A history that settles for restating what people thought rather than striving for an account that is true seems analogous to a prevalent trend in theology that settles for saying what others say about God and never says anything about God. Frans Jozef van Beeck has called this “theologology.” I thought Phil Harding’s claim that “miracle-workers exist for the historian if historical subjects have the category (or one like it) and apply it to another historical subject we are studying (e.g., Jesus)” was interesting along these lines. I take Phil’s point to be that the historian has to take miracles seriously enough to be true to the people of the past she is describing. Surely that’s right. But what many infer from this claim about the historian’s “object” of enquiry, and Phil seems almost to imply, is that the claims of the people of the past can never amount to more than what they thought. Surely that’s not right. After all, the historian ends up with an account not simply of “here’s what people reported” but “here’s what happened.” The historian crosses a threshold at some point, then, from what people thought to what happened, however she might try to qualify the latter (e.g., as what she thinks happened). Somehow what people claimed is woven together with other evidence and with the intellectual tendencies of the historian into an account of what happened. So what people claimed actually contributes to the historian’s judgment of what happened and thus is more than just what they thought. Otherwise, history learns nothing from what people thought. It only confirms what the historian thinks.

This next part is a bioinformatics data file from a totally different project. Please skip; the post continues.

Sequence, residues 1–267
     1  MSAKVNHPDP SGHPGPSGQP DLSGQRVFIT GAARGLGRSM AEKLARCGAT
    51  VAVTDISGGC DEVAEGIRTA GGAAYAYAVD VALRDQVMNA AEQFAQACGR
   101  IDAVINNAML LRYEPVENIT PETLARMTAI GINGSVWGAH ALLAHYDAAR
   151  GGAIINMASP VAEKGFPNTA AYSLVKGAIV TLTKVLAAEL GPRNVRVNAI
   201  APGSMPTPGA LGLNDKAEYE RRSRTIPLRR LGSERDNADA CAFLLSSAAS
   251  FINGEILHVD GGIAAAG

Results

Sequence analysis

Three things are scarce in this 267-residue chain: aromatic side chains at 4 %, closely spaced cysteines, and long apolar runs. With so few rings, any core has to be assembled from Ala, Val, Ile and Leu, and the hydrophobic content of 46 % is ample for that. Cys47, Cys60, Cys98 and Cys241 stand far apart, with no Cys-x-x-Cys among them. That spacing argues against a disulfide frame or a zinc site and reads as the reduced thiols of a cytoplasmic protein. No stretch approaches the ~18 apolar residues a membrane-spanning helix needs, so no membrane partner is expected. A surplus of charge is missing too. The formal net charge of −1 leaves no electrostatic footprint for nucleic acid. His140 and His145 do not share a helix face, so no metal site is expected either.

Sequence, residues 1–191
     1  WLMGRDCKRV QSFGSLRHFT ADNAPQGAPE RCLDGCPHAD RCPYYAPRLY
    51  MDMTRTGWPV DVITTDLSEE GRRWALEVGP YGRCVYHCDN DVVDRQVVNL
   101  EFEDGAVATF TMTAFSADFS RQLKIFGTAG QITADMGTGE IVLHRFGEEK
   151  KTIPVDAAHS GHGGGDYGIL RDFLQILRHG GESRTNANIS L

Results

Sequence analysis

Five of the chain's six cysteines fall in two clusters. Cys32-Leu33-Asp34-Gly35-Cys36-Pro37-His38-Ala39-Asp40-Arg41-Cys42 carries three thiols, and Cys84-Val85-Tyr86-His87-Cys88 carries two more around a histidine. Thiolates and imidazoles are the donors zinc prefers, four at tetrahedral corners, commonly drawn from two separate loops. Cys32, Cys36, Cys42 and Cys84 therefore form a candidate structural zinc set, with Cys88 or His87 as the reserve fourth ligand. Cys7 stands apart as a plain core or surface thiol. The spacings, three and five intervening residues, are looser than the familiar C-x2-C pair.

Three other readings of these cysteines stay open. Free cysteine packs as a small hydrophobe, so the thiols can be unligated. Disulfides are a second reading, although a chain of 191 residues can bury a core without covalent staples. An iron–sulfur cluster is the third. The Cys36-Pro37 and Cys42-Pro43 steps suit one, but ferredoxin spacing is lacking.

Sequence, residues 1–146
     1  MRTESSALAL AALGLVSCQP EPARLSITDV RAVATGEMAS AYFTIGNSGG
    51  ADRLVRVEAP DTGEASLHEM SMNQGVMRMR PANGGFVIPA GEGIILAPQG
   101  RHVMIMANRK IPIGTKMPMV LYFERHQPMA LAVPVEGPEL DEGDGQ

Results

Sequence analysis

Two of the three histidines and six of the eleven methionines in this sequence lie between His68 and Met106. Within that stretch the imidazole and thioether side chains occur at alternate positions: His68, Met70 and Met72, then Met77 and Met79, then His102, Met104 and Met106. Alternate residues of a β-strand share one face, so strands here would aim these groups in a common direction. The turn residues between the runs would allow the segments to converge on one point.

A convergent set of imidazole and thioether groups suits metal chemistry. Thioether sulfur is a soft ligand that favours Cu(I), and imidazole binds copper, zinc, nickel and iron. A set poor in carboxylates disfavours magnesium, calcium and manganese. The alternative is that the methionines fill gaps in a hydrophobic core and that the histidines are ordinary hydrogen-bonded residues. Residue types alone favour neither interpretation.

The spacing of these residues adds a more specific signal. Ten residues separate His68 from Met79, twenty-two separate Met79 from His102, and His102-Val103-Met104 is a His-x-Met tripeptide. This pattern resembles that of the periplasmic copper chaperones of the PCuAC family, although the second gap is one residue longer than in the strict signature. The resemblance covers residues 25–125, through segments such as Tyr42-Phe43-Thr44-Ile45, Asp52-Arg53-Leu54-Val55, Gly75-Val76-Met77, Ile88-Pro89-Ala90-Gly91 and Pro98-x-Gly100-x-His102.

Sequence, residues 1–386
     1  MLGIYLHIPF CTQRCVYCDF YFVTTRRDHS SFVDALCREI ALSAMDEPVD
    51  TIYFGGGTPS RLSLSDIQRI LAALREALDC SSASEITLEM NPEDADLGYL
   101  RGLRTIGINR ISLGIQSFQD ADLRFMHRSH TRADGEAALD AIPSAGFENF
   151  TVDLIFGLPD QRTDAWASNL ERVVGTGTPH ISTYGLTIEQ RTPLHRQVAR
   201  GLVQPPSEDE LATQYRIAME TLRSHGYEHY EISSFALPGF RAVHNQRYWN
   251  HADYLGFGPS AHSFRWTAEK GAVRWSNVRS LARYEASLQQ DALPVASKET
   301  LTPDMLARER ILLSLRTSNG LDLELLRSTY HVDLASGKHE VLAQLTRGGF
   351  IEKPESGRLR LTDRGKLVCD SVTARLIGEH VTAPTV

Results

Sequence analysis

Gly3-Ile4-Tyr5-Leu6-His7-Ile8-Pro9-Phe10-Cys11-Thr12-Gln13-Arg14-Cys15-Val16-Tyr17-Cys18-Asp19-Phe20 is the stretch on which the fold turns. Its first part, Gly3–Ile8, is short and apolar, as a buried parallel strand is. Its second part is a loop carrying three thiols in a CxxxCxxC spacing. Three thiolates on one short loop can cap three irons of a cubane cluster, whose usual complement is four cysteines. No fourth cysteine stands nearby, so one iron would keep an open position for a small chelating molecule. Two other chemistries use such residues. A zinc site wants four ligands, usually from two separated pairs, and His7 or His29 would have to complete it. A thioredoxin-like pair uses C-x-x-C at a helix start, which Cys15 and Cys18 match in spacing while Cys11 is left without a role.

You can see from the above, I think, how the question of the historicity of miracles gets framed according to the modern fixation on the subject, wherein understanding what happened has to do with coordinating what people thought with what the historian thinks. This makes time incidental to rather than constitutive of what the historian does, since it’s only about coordinating the way different isolated subjects relate to a fundamentally changeless world. I don’t think there’s any shortcut out of this trance we find ourselves in, but it strikes me as a quite narrow approach. It’s simply a philosophical and empirical mistake to say that the drama of history occurs inside persons’ minds. I suppose the framing of the question has something to do with recent insecurity about claiming to know the truth about anything, too, at least beyond the truth that everybody supposedly knows. The way the historian is limited by the particularities of her life is indeed almost overwhelming, but we will (rightly) not surrender the fact that some accounts of the past are truer than others, and so I think (with Maxim, I gather) that we must ask whether reports of Jesus’s miracles are true, even if we have to admit that a historical answer to that question is difficult to give. The challenges may be due as much to prevalent historical method (e.g., influence of thought like Hume’s) as to the difficulty of the particular historical question.